By Gord Price
I’ve often criticized the shamefully inadequate bikeway system in our crown jewel (“The Shame of Stanley Park”), but really, the problem with the design of the internal transportation network goes way beyond bikes.
Sometime in the post-war period (I’m guessing in the 1950s), the planners and engineers of the day assumed the default way of moving through the park would be by car – and they designed accordingly.
There is of course the seawall and trail system. But in the heavily used interior parts on the east side of the park, there are only some unhappy asphalt paths where it is assumed that walkers, runners and cyclists will stick to the spaces allocated to them, inadequate as they are, and not try to walk along or run along the parkways designed to be exclusively for cars.
Below is where the city meets the park. The design is clear: there are no complete streets to accommodate multiple users. If you are walking, you go on only the separate paths, regardless of whether they actually go where you want.
And the quality of the ped routes – the minimum amount of asphalt – also makes it clear where you come in the hierarchy.
Regular users know how frustrating it can be to cross the park south of Lost Lagoon:
Cyclists heading for the tennis courts from the north along Lagoon Drive, for instance, are confronted with a one-way road system that makes no accommodation for their intentions. You want to go left, but legally you can’t. It’s assumed that, like drivers, you will go kilometres out of your way to reach your destination – or else use the ped paths to the annoyance of walkers.
Again, another sign that the Park Board (a) is oblivious, (b) doesn’t care or (c) isn’t prepared to make an active transportation system for everyone a priority.
Over four-fifths of likely voters (83 percent) believe that bicycling is good for San Francisco, and that bicycling in the city should be comfortable and attractive to everyone from small children to seniors.
- For the first time, a majority of San Franciscans (51 percent) report biking occasionally, and 31 percent report riding regularly, meaning a few times a month or more.
- A supermajority of San Franciscans (72 percent) support restricting private autos on Market Street.
- Most San Franciscans (56 percent) support dramatically increasing City spending on bike infrastructure from around 0.5 percent to eight percent of the City’s transportation budget.
- Two-thirds of San Franciscans (66 percent) support building a network of cross-town bike lanes connecting every neighborhood in San Francisco, even at the expense of travel lanes and parking spots.
- Twice as many San Francisco voters are are likely to ride a bike on unprotected bike lanes (57 percent) than on streets without bike lanes (28 percent). Likely riders jump up to 65 percent on physically protected bike lanes.
- Most voters (54 percent) would like to bike more frequently than they do presently.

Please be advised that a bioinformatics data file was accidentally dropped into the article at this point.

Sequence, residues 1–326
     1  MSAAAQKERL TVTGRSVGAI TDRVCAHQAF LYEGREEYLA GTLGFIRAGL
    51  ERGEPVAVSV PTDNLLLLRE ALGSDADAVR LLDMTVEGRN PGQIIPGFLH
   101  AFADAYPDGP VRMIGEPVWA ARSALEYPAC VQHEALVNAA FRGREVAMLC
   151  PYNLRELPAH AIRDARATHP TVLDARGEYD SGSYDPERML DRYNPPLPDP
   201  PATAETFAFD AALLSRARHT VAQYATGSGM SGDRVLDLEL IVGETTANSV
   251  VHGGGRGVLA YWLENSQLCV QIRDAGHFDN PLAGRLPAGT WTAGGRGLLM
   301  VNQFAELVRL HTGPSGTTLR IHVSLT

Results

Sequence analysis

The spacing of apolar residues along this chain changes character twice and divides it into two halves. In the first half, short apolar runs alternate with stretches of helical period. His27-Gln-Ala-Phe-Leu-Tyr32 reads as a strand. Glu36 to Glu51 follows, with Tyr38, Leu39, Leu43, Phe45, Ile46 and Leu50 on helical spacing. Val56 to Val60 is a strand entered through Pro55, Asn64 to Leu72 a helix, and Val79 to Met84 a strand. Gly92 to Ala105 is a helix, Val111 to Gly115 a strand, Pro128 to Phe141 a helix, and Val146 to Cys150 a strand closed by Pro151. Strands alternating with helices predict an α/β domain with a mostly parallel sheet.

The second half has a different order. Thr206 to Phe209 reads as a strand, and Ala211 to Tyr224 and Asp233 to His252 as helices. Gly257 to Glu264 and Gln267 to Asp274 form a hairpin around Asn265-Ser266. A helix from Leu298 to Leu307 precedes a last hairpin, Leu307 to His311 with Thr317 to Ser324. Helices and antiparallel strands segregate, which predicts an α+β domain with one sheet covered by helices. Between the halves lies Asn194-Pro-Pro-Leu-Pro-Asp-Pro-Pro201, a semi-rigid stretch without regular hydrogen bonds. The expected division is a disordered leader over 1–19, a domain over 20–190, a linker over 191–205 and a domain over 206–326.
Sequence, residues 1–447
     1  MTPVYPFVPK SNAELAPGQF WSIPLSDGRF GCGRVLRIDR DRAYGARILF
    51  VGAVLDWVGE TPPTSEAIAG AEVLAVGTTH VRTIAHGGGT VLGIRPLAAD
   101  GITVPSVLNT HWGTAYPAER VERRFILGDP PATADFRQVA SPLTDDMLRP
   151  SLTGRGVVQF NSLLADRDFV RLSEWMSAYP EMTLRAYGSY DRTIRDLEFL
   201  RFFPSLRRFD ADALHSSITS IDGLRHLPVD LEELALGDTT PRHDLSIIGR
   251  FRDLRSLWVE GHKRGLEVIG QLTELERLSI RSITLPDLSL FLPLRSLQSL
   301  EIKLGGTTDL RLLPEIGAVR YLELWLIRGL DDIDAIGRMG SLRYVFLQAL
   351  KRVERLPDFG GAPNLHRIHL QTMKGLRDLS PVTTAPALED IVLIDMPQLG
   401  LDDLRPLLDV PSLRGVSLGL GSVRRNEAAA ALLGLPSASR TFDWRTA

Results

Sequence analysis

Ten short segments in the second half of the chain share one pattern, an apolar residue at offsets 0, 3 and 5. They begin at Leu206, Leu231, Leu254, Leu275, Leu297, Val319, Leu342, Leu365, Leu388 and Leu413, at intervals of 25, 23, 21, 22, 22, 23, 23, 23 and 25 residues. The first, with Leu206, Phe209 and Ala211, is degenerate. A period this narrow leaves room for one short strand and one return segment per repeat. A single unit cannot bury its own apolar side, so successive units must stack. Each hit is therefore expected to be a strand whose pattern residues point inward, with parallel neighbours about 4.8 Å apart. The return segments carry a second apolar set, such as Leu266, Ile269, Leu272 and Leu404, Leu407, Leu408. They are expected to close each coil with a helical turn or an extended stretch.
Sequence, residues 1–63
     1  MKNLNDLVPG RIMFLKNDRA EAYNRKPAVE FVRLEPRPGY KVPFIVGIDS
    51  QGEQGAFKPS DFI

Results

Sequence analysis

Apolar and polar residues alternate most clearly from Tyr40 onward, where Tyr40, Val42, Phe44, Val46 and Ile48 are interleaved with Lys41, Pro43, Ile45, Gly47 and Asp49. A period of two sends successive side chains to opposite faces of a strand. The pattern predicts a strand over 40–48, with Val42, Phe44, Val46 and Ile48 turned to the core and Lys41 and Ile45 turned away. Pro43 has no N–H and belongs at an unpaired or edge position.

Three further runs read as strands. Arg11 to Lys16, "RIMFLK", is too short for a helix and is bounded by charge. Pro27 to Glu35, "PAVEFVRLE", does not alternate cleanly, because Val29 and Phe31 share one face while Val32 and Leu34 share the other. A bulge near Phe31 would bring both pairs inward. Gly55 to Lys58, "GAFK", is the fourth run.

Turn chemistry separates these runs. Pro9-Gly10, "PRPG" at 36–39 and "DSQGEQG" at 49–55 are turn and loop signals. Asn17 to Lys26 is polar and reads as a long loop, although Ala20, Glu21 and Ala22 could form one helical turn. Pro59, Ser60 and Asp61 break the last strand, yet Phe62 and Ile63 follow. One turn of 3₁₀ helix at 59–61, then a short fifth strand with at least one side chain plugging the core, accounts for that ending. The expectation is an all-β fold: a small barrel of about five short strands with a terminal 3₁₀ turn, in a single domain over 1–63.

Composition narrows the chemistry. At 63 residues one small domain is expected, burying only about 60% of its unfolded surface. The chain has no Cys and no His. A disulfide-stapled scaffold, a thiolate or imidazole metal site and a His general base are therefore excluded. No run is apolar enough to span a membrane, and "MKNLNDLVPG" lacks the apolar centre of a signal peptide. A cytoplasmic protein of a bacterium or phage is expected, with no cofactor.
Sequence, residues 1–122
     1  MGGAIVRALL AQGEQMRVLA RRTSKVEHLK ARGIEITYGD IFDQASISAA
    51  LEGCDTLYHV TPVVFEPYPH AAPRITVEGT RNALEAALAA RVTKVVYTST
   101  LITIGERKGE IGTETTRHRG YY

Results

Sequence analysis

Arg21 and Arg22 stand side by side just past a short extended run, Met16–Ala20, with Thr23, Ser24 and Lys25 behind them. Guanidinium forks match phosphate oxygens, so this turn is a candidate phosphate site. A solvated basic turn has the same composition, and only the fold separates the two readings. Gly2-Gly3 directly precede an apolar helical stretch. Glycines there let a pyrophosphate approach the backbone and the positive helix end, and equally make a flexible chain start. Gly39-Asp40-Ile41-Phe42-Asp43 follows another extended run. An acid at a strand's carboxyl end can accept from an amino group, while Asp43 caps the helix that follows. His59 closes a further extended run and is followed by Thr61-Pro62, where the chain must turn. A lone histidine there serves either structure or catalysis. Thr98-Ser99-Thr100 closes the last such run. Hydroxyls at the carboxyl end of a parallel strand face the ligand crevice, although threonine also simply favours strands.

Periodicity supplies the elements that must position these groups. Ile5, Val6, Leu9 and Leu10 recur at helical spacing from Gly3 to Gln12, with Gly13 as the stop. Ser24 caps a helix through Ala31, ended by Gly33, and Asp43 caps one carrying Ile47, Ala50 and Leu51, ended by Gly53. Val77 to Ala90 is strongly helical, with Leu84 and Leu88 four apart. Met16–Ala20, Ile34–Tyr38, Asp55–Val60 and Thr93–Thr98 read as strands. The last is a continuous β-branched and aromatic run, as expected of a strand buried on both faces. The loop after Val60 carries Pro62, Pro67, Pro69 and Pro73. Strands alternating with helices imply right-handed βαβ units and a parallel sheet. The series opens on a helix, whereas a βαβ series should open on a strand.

- With so many people reporting that biking is good for our city, and expressing the desire for better infrastructure and incorporating biking more into their lives, it is no surprise that a supermajority (68 percent) believe that City leaders are not doing enough to encourage biking.
The poll was conducted by David Binder Research, surveying 402 likely voters by cell phone and land line between Saturday, Aug. 20 and Tuesday, Aug. 23, and was commissioned by the San Francisco Bicycle Coalition. The margin of error is 4.9 percent. Findings include: …
PT: As a past NPA City Councillor, I continue to be amazed that the party has not tried to reposition itself on cycling issues, still aligning itself with whatever group is currently pissed off and dog-whistling to voters that cycling will not be a priority.
That’s most evident with the Park Board on which the NPA holds a majority. Some of the most controversial projects fall in their jurisdiction – notably Kits Park. But their indifference extends to other parks that are on the cycling network or are major destinations – especially Jericho and Stanley Parks. There has been no upgrading of the cycling infrastructure in years – and no indication that there will be any time soon.
The most egregious example: Second Beach in Stanley Park, a major junction for the thousands of cyclists and pedestrians who are deliberately placed in conflict:
The worst case is the point where the yellow line switches from being a centre line for cyclists to a separation indicator for peds and bikes, without any clear indication of what’s happening. It’s been this way for years – and apparently no one at Parks cares very much.
And then, of course, there’s this at the entrance to Jericho:
The Park Board couldn’t make a stronger statement, could it?
Ask a representative about their approach, and you’ll here about studies and plans and consultations. But it’s also clear that there will be no political leadership, and that there is unlikely to be any action, much less a major commitment of resources, any time soon.
Which is odd. Given the explosive growth in active transportation and the clear benefits, politicians today generally want to align themselves with this movement. But more than, why would the Park Board continue to maintain an unacceptable status quo as the quality of infrastructure is upgraded all around them? Their failure to address deficiencies and outstanding conflicts will only become more apparent – and annoying.
Sure, it won’t be easy to deal with unhappy constituents who see paving parkland as an unacceptable and unnecessary intrusion (regardless of the success of the Seaside route through English Bay and the False Creek parks). But the NPA prides itself on the party that can get things done, and do it in a more balanced way than Vision.